• 0 avatar

          Subaru interiors are disasters when it comes to aesthetics of design, especially for the amount of money you have to pay for these cars. The rectangular bin openings thinly-flocked with cheap rag, the numerous blanks calling attention to options you didn’t get, the unattractive stereo head units, the terrible color selection, etc. However, to the average Subaru buyer who prefers function over form, this is a non issue and I love the vehicles for ease of which I can retail them.

          • 0 avatar
            CoreyDL

            This. I think of the interior on the Tribeca. BLAAAAGH.

          • 0 avatar
            NormSV650

            I agree on the Subaru(Forester) having sub-utilitarian interiors. I call the girlfriend’s 2012 Forester “the truck” as the sparseness reminded me of old pickup trucks growing up. Subaru can’t even design a elbow rest to hold my arm of a 170 lbs man. Her 2012 was two quarts low on oil at less than 20K total miles. Not good when there is no “low oil” dummy light. She has severe piston slap at start-up now most because of the low oil level. The tires were starting to dry rot and made the car a hazzard this past winter that even my lonely old Encore AWD would out drive it on packed snow. Even with new tires on the highway the radio had to be turned up over the noise just to hear it. And that radio display…1999 Saab 9-5 era for sure! She does like the refinement in the Encore and wants to take over mine in a year when the lease is up on the Suby.

            Good thing it is a lease as I’m not too impressed with the Forester as a whole. Except for the visibility, like most modern cars has been getting smaller, which is about the only thing going for it.

          • 0 avatar
            gottacook

            The 2009-13 Forester did indeed have a terribly cheap-seeming interior. The Impreza of the same generation (2008-11) had solid unpadded molded sun visors and flimsy plastic interior door panels with the tiniest amount of padding for the armrest. Also, the ’09 Forester was the first without standard fog lights, and the blanks were just ugly. Although larger, the interior of the 2009-13 was a big step down from that of the final generation of the true Forester, 2006-08.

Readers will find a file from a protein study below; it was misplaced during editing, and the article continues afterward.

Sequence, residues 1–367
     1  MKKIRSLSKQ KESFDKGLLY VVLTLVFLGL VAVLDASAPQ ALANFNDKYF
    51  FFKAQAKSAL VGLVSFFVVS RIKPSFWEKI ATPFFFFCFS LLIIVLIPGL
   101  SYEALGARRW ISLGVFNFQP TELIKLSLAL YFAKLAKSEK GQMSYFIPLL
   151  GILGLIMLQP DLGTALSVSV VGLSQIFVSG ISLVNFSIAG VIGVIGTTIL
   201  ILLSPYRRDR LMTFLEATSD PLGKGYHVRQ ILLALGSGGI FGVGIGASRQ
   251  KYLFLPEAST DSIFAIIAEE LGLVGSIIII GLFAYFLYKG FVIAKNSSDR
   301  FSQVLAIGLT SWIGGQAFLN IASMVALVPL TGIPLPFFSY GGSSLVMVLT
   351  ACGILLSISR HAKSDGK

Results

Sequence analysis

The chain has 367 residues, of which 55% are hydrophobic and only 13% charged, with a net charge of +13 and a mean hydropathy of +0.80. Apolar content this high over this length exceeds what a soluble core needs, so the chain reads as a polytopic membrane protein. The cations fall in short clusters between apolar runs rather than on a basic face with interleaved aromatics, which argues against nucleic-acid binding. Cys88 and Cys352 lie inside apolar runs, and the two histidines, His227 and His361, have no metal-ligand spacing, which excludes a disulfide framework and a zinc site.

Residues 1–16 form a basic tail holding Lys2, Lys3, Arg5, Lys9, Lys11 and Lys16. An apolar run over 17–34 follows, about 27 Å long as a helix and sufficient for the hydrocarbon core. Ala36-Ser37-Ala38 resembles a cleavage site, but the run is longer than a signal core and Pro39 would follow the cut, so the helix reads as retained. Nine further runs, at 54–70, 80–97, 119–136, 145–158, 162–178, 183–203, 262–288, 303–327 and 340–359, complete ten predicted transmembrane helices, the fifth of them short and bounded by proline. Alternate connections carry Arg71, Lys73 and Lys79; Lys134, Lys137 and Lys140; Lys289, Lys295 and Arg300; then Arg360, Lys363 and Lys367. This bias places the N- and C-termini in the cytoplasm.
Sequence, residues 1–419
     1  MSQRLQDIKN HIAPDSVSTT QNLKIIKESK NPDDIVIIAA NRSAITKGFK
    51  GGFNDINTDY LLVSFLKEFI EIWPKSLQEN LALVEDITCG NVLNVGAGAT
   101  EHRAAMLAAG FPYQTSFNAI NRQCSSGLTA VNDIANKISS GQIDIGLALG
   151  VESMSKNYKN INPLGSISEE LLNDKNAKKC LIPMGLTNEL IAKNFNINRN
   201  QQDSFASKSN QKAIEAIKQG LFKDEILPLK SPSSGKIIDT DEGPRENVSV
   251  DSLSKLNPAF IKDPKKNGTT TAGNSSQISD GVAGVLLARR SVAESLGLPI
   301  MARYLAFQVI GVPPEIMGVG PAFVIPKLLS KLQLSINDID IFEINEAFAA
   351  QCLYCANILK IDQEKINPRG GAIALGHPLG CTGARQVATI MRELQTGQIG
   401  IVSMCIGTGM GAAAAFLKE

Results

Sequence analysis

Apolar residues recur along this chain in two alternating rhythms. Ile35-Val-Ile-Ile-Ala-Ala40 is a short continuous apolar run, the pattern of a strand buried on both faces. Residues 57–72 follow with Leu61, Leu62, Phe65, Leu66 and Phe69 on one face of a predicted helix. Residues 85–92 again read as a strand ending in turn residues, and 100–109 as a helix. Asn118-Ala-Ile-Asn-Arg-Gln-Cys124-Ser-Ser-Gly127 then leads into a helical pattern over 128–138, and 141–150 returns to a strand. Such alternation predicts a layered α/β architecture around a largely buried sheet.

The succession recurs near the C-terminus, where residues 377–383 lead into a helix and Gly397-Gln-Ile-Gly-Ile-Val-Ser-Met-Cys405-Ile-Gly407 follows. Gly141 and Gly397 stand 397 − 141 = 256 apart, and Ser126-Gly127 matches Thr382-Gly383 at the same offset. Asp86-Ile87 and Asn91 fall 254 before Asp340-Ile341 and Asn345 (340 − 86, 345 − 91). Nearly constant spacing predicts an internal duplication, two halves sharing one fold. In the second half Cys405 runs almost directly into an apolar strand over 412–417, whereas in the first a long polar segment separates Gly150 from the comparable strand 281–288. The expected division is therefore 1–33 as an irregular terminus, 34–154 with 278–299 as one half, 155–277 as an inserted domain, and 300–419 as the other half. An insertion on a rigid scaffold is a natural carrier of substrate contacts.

Both the Forester and Impreza are much nicer in their current generations. (The current Forester and Impreza use the same dashboard; same for the previous generation.)

            Our two Subarus (an ’03 Legacy wagon from Indiana and an ’06 Forester, both 5-speed) haven’t been bulletproof but will last for many more years with care, and they give a real sense of security year-round, plus you can see out of them at a glance in any direction. And the low center of gravity makes back roads fun, at least for me.

          • 0 avatar
            NormSV650

            There is no padded interior areas in the 2012 Forester. You seemed to only compare Subaru with the other models in their line-up. There are nicer cars that offer much more for the dollar and get better fuel economy along with similar crash standards.

            We won’t start on the Forester looks.

        • 0 avatar
          dtremit

          Who on earth are they undercutting? Having just helped someone shop for small CUVs, the Forester got dropped early because the price wasn’t even close to competitive.

      • 0 avatar
        APaGttH

        What’s not to get. My comment of being on a tear wasn’t commentary on the quality of the product. With only a couple of exceptions, Subaru can’t build product fast enough.

        BMW is on a tear too – that doesn’t mean the current 3-series is the crowning achievement of all things BMW.

        Subaru benefits from massive brand perception of bullet proof reliability. My fiance and my future stepson bought into that message. My future stepsons 2011 Impreza is…errrrr…a bit of a problem child.

        The S.O. Forrester is a 2006 stripper with a non-turbo engine and steel rims. It is more living up to its reputation – although it has low miles for its age.

        But you can’t deny that Subaru sales are darn good.

        • 0 avatar
          Power6

          Subaru learned the same lesson Honda learned more recently…don’t go too cheap on the interiors! Those hard plastic dashes and doors were a little too far…all the latest gen models have fixed that but Subaru still has a very simple interior design.

          No idea why they can’t give the US a decent armrest, SOA is a funny company. I had to import a factory accessory from Subaru Japan that raises the console box to solve that problem. But SOA can’t get it done.

          • 0 avatar
            sgeffe

            The carpet in the new Accords is still a little cut-rate, and I’m always cautioning people who ride in my Accord to be careful where they touch, just so nothing gets scratched. I’m afraid something may happen if I look at something in there funny! (The switchgear itself is usual dead-nuts Honda; it’s some of the trim that seems flimsier than I’d like.)

      • 0 avatar
        pragmatist

        They’re pretty damned good. They are also just about the only vehicle without the clunkly engine (high CG) one side of the car, trans other side, power turns 2 corners to get to the back wheels.